Shout out to pub supporting LGBTQ people

Dear Editor,

Please can I recommend the Southampton Arms, Andover, for their outstanding effort and support for the LGBTQ community and Pride Month, that I have seen on their site.

It’s amazing. The pub needs some good positive feedback... they do bands, live music, kaaroke, two pool tables, darts, a lovely back garden and front terrace, roast dinners on a Sunday, eat in or take out, cheap drinks, and fundraising. They have amazing staff and landlady and door staff. They’re still struggling after Covid and need some recognition. Check their Facebook site out.

Name and address supplied

Climate catastrophe

Dear Editor,

It’s easy to be complaisant and ignore the climate crisis when it isn’t in your own backyard. The reality is that the problem is global and it’s affecting all of us with extreme weather conditions and future pandemics.

Scientists are alarmed at the rate of the fires in the Amazon rainforest which can be seen from space. The Amazon is in danger of turning into a dry savannah plummeting our global climate into further chaos. At the rate of this destruction mostly for livestock feed and cattle we will eventually run out of land and food and we are creating the perfect conditions for future pandemics and fuelling the climate crisis.

Politicians are proving useless at stopping the assault on the most precious eco system in the world that controls the weather. Greedy corporations like Tesco continue to exploit the Amazon rainforest for profit while lying to their customers.

The UK Government has the power to change the situation and we as consumers have a greater power to influence change. As consumers if we decided to stop buying meat or meat fed on soya from the Amazon the sales would plummet and there wouldn’t be a need to destroy the Amazon rainforest.

Consumers must decide whether to stop a climate catastrophe or continue fuelling the climate crisis. Our choice!

Jeannette Schael, address supplied

Harvesting memories

Dear Editor,

Harvesting has this week brought in wonderful memories of the days when summer harvesting brought in local folk, in our villages, to assist with the reaping of ripe crops. In my home we do, in fact, still have a scythe used for threshing in the past which I see remains used in some countries, depending on the crop.

We recalled from our past times that tractors only were used, being the machinery to help sew the fields. With all local folk and friends collecting and helping to stack the tall grain ready to pile on the trailer.

In our memories and chats, we also recalled the burning of fields of stalks. That doesn’t happen now, the stalks can be reused as mulch, compost or animal food, I hear.

As a little girl my joy was running round playing games, to at times be followed by mice or rabbits leaping so high and running as fast as possible, as the tractors rolled on by.

The noon break had all laying back leaning against a stack of corn or hay with cheddar cheese sandwiches, coated in pickle and tomatoes and a cool beer or cow’s milk, perhaps homemade cider or juice.

In those days labouring was so intensive manually, yet laughter and smiling faces brings in great memories of the neighbourly folk working so hard, together. I can’t recall farmers being stressed then, sharing their days was always enjoyable.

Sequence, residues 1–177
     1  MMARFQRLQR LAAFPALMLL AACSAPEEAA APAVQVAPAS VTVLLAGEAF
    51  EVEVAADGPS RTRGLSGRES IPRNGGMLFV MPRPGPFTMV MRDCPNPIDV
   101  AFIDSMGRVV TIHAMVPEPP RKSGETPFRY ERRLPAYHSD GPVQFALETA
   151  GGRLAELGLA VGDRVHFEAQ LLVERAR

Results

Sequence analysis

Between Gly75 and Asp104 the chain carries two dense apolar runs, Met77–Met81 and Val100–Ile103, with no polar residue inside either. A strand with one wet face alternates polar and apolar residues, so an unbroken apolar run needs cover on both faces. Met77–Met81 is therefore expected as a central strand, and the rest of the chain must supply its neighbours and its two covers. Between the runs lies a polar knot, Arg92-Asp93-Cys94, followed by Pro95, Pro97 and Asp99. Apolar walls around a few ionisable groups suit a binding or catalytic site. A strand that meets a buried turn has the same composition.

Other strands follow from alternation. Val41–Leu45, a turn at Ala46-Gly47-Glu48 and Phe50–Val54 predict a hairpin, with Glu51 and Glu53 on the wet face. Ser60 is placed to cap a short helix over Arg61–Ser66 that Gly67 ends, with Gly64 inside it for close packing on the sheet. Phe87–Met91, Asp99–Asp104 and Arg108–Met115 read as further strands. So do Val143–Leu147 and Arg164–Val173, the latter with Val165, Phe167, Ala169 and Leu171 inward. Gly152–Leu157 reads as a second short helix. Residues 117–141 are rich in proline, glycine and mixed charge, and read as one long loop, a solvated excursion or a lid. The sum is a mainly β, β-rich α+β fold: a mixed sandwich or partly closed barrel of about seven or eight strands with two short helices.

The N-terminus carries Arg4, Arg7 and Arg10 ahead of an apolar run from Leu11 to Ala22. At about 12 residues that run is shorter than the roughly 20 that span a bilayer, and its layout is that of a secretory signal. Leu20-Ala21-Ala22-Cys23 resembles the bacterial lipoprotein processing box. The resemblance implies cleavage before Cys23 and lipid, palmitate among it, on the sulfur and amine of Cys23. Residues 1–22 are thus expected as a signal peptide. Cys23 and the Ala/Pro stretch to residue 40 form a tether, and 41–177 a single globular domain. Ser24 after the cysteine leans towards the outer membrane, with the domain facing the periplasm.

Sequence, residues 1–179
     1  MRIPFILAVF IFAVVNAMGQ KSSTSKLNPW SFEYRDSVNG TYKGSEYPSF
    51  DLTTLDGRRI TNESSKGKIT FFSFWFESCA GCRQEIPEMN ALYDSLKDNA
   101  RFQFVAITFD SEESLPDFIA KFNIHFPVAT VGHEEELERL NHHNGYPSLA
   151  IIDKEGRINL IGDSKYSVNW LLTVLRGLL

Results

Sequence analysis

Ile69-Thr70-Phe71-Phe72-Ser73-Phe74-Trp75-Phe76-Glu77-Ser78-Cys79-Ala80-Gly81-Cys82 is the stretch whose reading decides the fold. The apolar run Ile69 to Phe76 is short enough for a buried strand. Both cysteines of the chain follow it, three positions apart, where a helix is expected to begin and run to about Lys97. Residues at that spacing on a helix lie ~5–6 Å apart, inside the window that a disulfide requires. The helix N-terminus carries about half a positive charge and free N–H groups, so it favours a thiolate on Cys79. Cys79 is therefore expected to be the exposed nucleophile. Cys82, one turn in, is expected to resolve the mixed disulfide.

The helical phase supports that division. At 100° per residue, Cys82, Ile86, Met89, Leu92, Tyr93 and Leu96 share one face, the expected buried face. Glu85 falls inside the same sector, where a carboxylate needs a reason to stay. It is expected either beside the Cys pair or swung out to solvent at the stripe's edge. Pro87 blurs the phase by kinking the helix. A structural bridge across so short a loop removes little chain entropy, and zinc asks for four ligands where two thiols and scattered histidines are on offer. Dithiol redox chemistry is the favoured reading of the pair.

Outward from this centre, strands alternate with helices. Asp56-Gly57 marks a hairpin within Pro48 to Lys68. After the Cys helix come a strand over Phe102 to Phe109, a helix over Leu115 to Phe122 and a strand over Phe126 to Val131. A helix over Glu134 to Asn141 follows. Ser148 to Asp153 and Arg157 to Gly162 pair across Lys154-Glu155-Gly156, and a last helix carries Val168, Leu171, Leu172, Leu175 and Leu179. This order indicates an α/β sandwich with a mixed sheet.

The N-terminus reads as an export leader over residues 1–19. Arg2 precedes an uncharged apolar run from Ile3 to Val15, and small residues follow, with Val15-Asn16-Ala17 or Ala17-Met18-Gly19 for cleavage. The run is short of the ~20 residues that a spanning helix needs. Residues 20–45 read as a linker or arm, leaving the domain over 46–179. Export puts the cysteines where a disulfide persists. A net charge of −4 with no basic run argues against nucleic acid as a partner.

The farm owners we were friends with also held a special gathering in a barn dance. I found a photo of their Golden Wedding anniversary. A picture full of smiles and joy. Memories sure come in of how countryside village life gathered many to enjoy, dancing and singing between stacks of straw.

With our fairly dry weather through this year’s harvesting, I took some photos of the dedicated workers labouring. Walking around Old Sarum the wide open views of the green field backgrounds, reflect the corns faded yellows and smoky grey dust blowing from the combine harvesters, capturing memories and stunning views.

In our local village, Fyfield, I am amazed at how the combine harvesters roll on by, through such narrow lanes, yet in firm directions as nature calls all, as it is time to sew which seems more important than those needing to ‘get to work’.

I have also experienced recently the enormous, harvesting machinery needing an extra van in front, to warn all drivers such a huge vehicle was approaching. In my little car, it was time to let all go by, as nature was in control.

So, nature calls, as with the virus, is our priority letting our land take the call? As in the past, hard labour worked under all that nature can need to thrive and provide for all.

Linda Price, Fyfield

Ironic Brexit

Dear Editor,

Brexit is done. But that does not prevent it from being calamitous for the UK economy.

Can you believe it? Supermarket product lines are finishing. When this happened in eastern Europe the British used to laugh. Now the laughter is flowing in the other direction.

And, then, what irony: the UK development sector is the greatest sponsor of the Conservative Party. The governing Tories did Brexit. The development sector is now also squawking because of Brexit supply chain issues: well, what the hell did you expect?

Ireland could reunify in the next 20 years. Prior to 2016 this would not have happened until the next century, if at all. Ironic, isn’t it?

Scotland could secede in the next 10 years. Perhaps, irony upon irony, it will ultimately be these threats to UK territorial integrity that bring the country to its senses, forcing it to re-join the EU. But that’s a way into the future. Plenty more shocks before then.

A couple of years ago I sat with our Conservative MP in Andover Guildhall. Brexit? Yes, of course it would be alright, said he. It’s not, is it?

Brexit may be done, but the irony is, so is the country. We really need these dogmatic, blustering Tories out.

Ray Bryant, Berry Way, Andover

BT must not neglect minority

Dear Editor,

I write in reference to your article of September 3 2021, “Switch off Concern”.

I live in a rural area where internet connectivity is very poor and intermittent, as is the mobile phone network.

2025 is not that far in the future - is there any guarantee that reception will be improved in such small pockets of the population before the landline/lifeline is turned off?

I do hope BT does not neglect the minority in their push to turn off landlines - we all deserve a level playing field.

Sally Curry, Snoddington Farmhose, Snoddington Lane, Shipton Bellinger